Colleges That Meet Full Need – Or Do They?
Many families look for colleges that meet full need.
This gives parents confidence that the school will come through with need-based aid to help them pay for college. Unfortunately, not every school that makes this claim really meets 100% of need, at least as far as families are concerned.
Here’s what to look for before your student applies to a college that says they meet full need.
How Hard Is it to Get Into a “Meets Need” School?
Not surprisingly, schools that offer excellent aid are in high demand. As a result, they can be very selective. If not well managed, flagyl side effects ivermectin latest may include diarrhea, nausea and vomiting. Arimidex has shown the same efficacy against infections and allergy in maculopathie plaquenil oct Souran several clinical trials. If you are taking the orlistat xenical 120 mg tablet, it will malaria ivermectin surely have some side effects, thus you should know what the side effects are going to be beforehand, so you can avoid any unwanted effects. The singulair http://binbusy.co.uk/10090-hitek-ivermectin-injection-price-75137/ online pharmacy is a us-based online pharmacy offering an international range of pharmaceuticals, over-the-counter and herbal remedies. The generic form of the drug is sold without a prescription and in some non-us countries (such as australia) it is available without a prescription.the generic version of the medication is sold without a prescription at a dr max ivermectin low price compared to any other generic medication on the market. It’s usually very difficult to get into these schools.
For instance, the Ivy League schools often offer significant aid to lower-income students. If you have an Ivy League caliber student, that’s great!
If not, however, your student may be sorely disappointed if they are counting on getting into a school that offers this type of aid.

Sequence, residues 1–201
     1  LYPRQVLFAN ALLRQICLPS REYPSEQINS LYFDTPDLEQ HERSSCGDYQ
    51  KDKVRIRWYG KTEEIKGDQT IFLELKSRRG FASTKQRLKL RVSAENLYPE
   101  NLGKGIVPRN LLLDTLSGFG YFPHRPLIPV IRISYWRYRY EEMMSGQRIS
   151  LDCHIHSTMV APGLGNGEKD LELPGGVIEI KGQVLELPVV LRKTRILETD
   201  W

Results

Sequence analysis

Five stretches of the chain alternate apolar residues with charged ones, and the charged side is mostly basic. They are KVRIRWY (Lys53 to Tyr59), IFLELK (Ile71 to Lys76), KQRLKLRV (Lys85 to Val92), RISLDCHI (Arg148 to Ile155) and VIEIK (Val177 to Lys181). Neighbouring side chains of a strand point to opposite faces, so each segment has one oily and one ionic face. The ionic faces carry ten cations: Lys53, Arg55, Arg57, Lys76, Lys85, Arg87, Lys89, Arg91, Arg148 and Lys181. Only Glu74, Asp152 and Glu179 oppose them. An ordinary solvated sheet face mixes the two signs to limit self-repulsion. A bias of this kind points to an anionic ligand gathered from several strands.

College % Admitted
Columbia University 7
Yale University 6
Harvard University 5
Amherst College 14
University of Chicago 8
Williams College 18
Colgate University 29
Princeton University 7
University of Southern California 17
Pomona College 9
Vassar College 27
Barnard College 17
Dartmouth College 11
Stanford University 5
Haverford College 21
Duke University 11
Smith College 37
Claremont McKenna College 9
Georgetown University 17
Northwestern University 11
Swarthmore College 13
Wellesley College 29
Hamilton College 26
University of Notre Dame 19
University of Pennsylvania 9
Franklin and Marshall College 36
Carleton College 23
Vanderbilt University 11
Middlebury College 16
Colby College 19
Pitzer College 14
Trinity College 34
Colorado College 16
Bates College 23
Cornell University 14
Washington University in St Louis 17
Harvey Mudd College 13
Grinnell College 20
Bryn Mawr College 40
University of Richmond 32
Wake Forest University 30
California Institute of Technology 8
Occidental College 46
Davidson College 20
Washington and Lee University 24
Brown University 9
Dickinson College 43
Lafayette College 28
Wesleyan University 18
Bowdoin College 15
Macalester College 37
Tufts University 14
Skidmore College 29
Connecticut College 35
Rice University 15
Oberlin College 28
Kenyon College 27
Reed College 31
Emory University 25
Union College 37
Johns Hopkins University 13
Scripps College 30
College of the Holy Cross 38
Northeastern University 29
Boston College 31
Mount Holyoke College 52
Augustana University 69
University of Virginia-Main Campus 30
UNC at Chapel Hill 27
SUNY Polytechnic Institute 64
Southern University at New Orleans 12
How Is Need Determined?
Another important thing to consider before your student applies to a school promising to meet full need is, how is that need determined?